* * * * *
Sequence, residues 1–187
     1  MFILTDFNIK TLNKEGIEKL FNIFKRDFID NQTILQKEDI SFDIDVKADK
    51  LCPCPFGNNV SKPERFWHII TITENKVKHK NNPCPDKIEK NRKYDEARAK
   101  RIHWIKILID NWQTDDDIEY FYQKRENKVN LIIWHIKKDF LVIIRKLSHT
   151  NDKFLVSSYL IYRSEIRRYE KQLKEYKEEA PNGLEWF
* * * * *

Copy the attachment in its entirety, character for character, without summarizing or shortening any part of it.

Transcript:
Sequence, residues 1–187
     1  MFILTDFNIK TLNKEGIEKL FNIFKRDFID NQTILQKEDI SFDIDVKADK
    51  LCPCPFGNNV SKPERFWHII TITENKVKHK NNPCPDKIEK NRKYDEARAK
   101  RIHWIKILID NWQTDDDIEY FYQKRENKVN LIIWHIKKDF LVIIRKLSHT
   151  NDKFLVSSYL IYRSEIRRYE KQLKEYKEEA PNGLEWF